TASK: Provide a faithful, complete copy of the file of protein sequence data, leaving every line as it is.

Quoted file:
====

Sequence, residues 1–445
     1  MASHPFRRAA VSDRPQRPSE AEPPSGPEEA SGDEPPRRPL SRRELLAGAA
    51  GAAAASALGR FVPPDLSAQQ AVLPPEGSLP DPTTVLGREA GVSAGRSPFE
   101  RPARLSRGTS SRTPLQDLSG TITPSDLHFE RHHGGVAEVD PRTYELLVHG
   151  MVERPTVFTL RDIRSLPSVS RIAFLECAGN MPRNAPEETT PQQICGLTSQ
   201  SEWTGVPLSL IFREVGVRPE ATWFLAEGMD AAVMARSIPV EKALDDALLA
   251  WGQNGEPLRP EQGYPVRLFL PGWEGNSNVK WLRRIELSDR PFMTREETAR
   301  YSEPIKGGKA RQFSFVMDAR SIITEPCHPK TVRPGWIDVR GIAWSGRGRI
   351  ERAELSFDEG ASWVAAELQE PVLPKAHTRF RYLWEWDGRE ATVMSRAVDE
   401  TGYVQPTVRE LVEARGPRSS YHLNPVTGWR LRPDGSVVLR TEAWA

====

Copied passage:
Sequence, residues 1–445
     1  MASHPFRRAA VSDRPQRPSE AEPPSGPEEA SGDEPPRRPL SRRELLAGAA
    51  GAAAASALGR FVPPDLSAQQ AVLPPEGSLP DPTTVLGREA GVSAGRSPFE
   101  RPARLSRGTS SRTPLQDLSG TITPSDLHFE RHHGGVAEVD PRTYELLVHG
   151  MVERPTVFTL RDIRSLPSVS RIAFLECAGN MPRNAPEETT PQQICGLTSQ
   201  SEWTGVPLSL IFREVGVRPE ATWFLAEGMD AAVMARSIPV EKALDDALLA
   251  WGQNGEPLRP EQGYPVRLFL PGWEGNSNVK WLRRIELSDR PFMTREETAR
   301  YSEPIKGGKA RQFSFVMDAR SIITEPCHPK TVRPGWIDVR GIAWSGRGRI
   351  ERAELSFDEG ASWVAAELQE PVLPKAHTRF RYLWEWDGRE ATVMSRAVDE
   401  TGYVQPTVRE LVEARGPRSS YHLNPVTGWR LRPDGSVVLR TEAWA